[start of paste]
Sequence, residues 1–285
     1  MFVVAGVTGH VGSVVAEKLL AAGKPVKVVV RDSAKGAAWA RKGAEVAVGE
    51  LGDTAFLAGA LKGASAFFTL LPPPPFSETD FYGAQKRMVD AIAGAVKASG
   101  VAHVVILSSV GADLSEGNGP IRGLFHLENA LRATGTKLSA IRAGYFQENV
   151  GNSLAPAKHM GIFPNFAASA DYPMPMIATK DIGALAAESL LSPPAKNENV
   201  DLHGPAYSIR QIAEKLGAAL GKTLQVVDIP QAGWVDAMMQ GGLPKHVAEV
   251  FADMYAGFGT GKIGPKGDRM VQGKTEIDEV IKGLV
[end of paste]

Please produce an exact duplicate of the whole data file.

Sequence, residues 1–285
     1  MFVVAGVTGH VGSVVAEKLL AAGKPVKVVV RDSAKGAAWA RKGAEVAVGE
    51  LGDTAFLAGA LKGASAFFTL LPPPPFSETD FYGAQKRMVD AIAGAVKASG
   101  VAHVVILSSV GADLSEGNGP IRGLFHLENA LRATGTKLSA IRAGYFQENV
   151  GNSLAPAKHM GIFPNFAASA DYPMPMIATK DIGALAAESL LSPPAKNENV
   201  DLHGPAYSIR QIAEKLGAAL GKTLQVVDIP QAGWVDAMMQ GGLPKHVAEV
   251  FADMYAGFGT GKIGPKGDRM VQGKTEIDEV IKGLV